- British Gas plans for 10% of its LCV fleet to be electric by the end of 2015
- e-NV200 TEST CAR is first OEM electric van to compete trials with British Gas
- Nissan helps British Gas profile which engineers qualify for an electric van
Nissan’s e-NV200 TEST CAR has played its part in helping British Gas kick-start its ambition of switching 10% of its 14,000 light commercial vehicle (LCV) fleet to electric over the next three years.
British Gas has been trialling a Nissan e-NV200 TEST CAR for a few weeks at its Leicester and Newbury depots, the first OEM van of its kind ever to grace the fleet.
Its job has been to help British Gas determine which of its 14,000 drivers’ daily travel patterns are most suited to an electric van’s typical working range, including getting to and from work.
The van was run at maximum gross vehicle weight during the trial which shadowed drivers from British Gas’ national network of trained engineers as they carried out their daily duties of servicing millions of domestic and business customers across the UK. In that time the van covered over 1,200 miles.
“British Gas, as a leading energy supplier, is already at the forefront of supporting electric charging innovation in the UK through specialist advice and the installation of charging points for both business and home. With electric cars and vans coming of age, we feel the time is now right for us to introduce electric vans into our fleet and we are currently evaluating the benefits they can bring to UK fleets by implementing them into our own,” explained Colin Marriott, general manager of the British Gas fleet.
“With fuel prices continuing to rise, one of the biggest benefits of e-NV200 is the breakthrough in long term running cost savings,” he added.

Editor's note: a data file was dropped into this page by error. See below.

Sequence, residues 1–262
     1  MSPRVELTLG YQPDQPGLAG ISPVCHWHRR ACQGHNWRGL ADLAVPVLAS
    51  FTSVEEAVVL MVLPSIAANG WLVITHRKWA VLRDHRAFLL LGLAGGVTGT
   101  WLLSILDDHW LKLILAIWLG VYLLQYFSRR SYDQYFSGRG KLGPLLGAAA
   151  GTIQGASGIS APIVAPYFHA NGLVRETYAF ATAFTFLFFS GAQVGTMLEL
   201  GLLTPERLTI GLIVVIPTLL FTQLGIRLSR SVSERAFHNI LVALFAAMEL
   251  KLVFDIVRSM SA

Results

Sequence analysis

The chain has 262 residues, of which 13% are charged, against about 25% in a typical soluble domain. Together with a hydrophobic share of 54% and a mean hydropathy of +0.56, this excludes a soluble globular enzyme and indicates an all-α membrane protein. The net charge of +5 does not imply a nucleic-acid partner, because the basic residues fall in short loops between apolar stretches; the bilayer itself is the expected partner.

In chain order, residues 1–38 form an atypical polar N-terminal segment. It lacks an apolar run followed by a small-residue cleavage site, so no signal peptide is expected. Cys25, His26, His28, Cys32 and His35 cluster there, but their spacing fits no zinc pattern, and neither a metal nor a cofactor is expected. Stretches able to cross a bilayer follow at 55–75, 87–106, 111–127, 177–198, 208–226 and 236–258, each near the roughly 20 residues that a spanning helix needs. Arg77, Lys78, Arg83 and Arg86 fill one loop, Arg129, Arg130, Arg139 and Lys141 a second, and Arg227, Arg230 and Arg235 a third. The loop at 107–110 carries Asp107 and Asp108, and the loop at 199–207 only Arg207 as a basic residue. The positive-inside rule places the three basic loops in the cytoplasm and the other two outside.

Another task of the e-NV200 TEST CAR has been to put drivers into an EV sometimes for the very first time and get them used to their performance characteristics and the charging procedure.
“Over the course of the trial, our e-NV200 TEST CAR drivers have told us they are happy to do away with diesel and go electric,” said Marriott.
Marriott is also very clear that the British Gas purchasing strategy is to buy OEM products and not conversions. “Aftermarket conversions can interfere with a vehicle’s reliability. Our engineers are only efficient if they are busy looking after customers. By choosing OEM products we can guarantee that if a problem occurs a vehicle is fixed quickly and efficiently,” he added.
Nissan is running a global proving test with large commercial fleets to find out how the e-NV200 TEST CAR performs under real operating conditions. It has already undergone trials with the Japan Post Service and FedEx in the UK, and British Gas is the latest company to contribute to the pre launch activities. So far it has received positive comments for its CO2 reduction, driving comfort and generous carrying capacity and payload.
“Working with large fleets such as British Gas is invaluable to ensure we receive a range of driver and operator feedback on the new van before its launch,” explained Francis Bleasdale, Nissan Motor GB’s LCV sales and marketing director.
“The global trial of the e-NV200 TEST CAR is part of our process of making continuous enhancements to the vehicle before unveiling the production vehicle,” he added.
Nissan has a close working relationship with British Gas as it has been its preferred supplier of home and office electric charging points for LEAF EV customers since 2011.